Three years ago, Florida legislators passed a controversial bill that affected almost every kind of court case in the system – including criminal cases. The change involved the standard to which expert witnesses are held in court. Their expert qualifications, their methodology, their testimony – all of this came under greater scrutiny when justices did away with the previous “Frye Standard” and instead adopted the “Daubert Standard,” which is used in federal courts and in most other states.
This was largely deemed a positive move for two groups: Criminal and corporate civil defendants. However, personal injury lawyers and some state attorneys have taken issue with it. The Florida Bar is the group that has asked the Florida Supreme Court to consider reverting back to the Frye Standard.
The Frye standard asks the judge to consider whether to allow expert witness testimony into evidence based only on whether the it represents principles that are considered generally accepted in that particular field. The Daubert standard, meanwhile, requires judges to use a more stringent standard. Judges are asked to allow the expert witness testimony only if it’s based on sufficient facts or data, if it’s the product of reliable methods and principles and the expert witness has applied the methods and principles of the case correctly. Often, this requires something of a mini-trial before the trial.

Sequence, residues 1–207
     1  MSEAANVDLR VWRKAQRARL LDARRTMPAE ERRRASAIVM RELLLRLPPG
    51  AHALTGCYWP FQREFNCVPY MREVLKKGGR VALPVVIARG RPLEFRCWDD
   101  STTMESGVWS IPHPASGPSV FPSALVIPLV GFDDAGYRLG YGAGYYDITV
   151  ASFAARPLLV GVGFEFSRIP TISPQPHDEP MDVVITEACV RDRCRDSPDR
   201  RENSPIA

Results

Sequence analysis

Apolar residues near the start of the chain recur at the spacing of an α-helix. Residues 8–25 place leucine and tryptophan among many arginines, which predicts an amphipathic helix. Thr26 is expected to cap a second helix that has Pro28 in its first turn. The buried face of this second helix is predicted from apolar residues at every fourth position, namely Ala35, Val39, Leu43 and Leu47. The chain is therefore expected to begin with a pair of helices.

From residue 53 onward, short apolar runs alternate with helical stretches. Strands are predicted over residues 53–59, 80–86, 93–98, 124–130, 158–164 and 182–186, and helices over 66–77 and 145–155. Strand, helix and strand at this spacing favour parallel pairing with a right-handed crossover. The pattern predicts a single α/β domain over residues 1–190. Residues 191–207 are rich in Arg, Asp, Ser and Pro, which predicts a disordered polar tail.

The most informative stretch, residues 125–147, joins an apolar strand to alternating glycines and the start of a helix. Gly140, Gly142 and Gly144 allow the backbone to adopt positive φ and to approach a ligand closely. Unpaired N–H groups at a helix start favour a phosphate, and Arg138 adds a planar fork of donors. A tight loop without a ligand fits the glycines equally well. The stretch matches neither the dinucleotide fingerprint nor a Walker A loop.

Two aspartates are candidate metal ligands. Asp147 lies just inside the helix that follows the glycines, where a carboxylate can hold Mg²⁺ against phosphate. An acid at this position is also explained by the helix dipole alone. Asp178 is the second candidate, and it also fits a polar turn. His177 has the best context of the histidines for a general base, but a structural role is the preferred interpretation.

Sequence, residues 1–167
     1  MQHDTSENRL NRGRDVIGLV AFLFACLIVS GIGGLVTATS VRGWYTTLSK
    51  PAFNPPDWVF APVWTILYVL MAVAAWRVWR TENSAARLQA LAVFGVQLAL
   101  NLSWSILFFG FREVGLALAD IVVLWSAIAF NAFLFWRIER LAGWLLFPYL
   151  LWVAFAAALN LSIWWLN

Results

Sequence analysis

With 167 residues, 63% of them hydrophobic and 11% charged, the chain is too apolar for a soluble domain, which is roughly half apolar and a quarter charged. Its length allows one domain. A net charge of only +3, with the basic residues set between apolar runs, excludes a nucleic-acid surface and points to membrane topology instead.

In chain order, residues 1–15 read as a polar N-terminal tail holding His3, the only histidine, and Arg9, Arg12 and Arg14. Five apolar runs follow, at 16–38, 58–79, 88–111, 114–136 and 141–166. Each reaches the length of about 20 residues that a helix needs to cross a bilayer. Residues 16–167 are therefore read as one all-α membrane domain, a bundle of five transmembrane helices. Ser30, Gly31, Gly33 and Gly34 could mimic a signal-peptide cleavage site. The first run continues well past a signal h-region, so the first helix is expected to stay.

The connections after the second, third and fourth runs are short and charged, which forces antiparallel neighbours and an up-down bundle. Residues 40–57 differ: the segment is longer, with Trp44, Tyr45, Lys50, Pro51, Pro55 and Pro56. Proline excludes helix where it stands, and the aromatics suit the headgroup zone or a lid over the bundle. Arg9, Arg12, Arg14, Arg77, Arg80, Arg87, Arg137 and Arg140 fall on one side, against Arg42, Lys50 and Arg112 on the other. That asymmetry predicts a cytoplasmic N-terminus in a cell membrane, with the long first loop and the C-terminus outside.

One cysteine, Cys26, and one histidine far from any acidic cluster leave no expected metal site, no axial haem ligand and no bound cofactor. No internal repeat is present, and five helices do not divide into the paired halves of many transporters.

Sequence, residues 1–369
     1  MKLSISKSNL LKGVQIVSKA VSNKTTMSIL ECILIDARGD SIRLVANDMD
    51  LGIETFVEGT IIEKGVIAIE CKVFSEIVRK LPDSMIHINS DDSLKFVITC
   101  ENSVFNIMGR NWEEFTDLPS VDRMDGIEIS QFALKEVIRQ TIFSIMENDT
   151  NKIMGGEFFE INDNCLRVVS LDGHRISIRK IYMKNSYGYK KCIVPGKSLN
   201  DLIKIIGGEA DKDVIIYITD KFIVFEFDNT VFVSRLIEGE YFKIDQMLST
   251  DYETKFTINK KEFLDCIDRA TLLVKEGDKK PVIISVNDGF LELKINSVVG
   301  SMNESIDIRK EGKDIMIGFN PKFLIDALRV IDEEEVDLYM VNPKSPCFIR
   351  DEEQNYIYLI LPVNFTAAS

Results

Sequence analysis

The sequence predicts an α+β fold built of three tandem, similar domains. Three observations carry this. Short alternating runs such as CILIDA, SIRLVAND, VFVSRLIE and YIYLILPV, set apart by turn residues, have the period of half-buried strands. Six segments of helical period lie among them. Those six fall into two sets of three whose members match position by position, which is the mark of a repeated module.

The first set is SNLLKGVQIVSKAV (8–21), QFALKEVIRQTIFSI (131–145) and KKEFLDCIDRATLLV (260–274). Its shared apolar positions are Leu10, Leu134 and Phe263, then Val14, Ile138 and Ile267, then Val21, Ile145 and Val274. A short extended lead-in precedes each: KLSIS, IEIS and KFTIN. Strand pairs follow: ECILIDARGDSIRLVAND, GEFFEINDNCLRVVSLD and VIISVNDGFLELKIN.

Plaintiffs in personal injury lawsuits say it’s unfair because it makes it harder for their clients to gain courtroom access. It also increases the costs of these cases, drags out the timeline and ultimately results in less payout for their clients.
Criminal defense lawyers, however, tend to like the standard because it can be used to hold police crime labs more accountable. It could also be used to raise questions about the methodology and practices of drug-sniffing dogs or arson testing, just to cite a few examples.
One of the issues justices are considering is whether they should keep the Daubert standard in place in the civil system while not using in the criminal system. They have indicated that while a decision is pending on this issue, courts should use the more stringent Daubert standard.
The issue was placed before the court after the Florida Bar Association’s Board of Governors and the Code and Evidence Rules Committee voted to reject the legislature’s ruling and go back to Frye. This sparked an intense debate within the legal community, but ultimately, both the board and the committee voted against the legislation. They argued the one-factor Frye standard had been working well and pushing courts to use the more intensive Daubert standard wasn’t necessary, and the state court system is underfunded as it is. Further, clients of lesser means aren’t going to have the resources to ensure their cases get a fair shot. One attorney arguing against the Daubert standard noted there are cases of judges holding Daubert hearings on Saturdays because there is literally no other time to have them during the week.
When confronted with the fact that federal courts seem to be coping just fine with the standard, opponents noted federal judges have access to many more resources.
Whichever way the court rules, the fact is if you are accused of a serious crime, it’s likely expert witnesses may be called in to testify against you – and possibly on your behalf. You will need an experienced defense attorney to make sure your rights are protected.
Call Fort Lauderdale Criminal Defense Attorney Richard Ansara at (954) 761-4011. Serving Broward, Miami-Dade and Palm Beach counties.
Expert witness standard takes center stage at Florida Supreme Court, Sept. 1, 2016, By Jim Rosica, SaintPeters Blog
More Blog Entries:
Florida Man Arrested by Federal Authorities for Online Threats, Sept. 15, 2016, Fort Lauderdale Criminal Defense Attorney Blog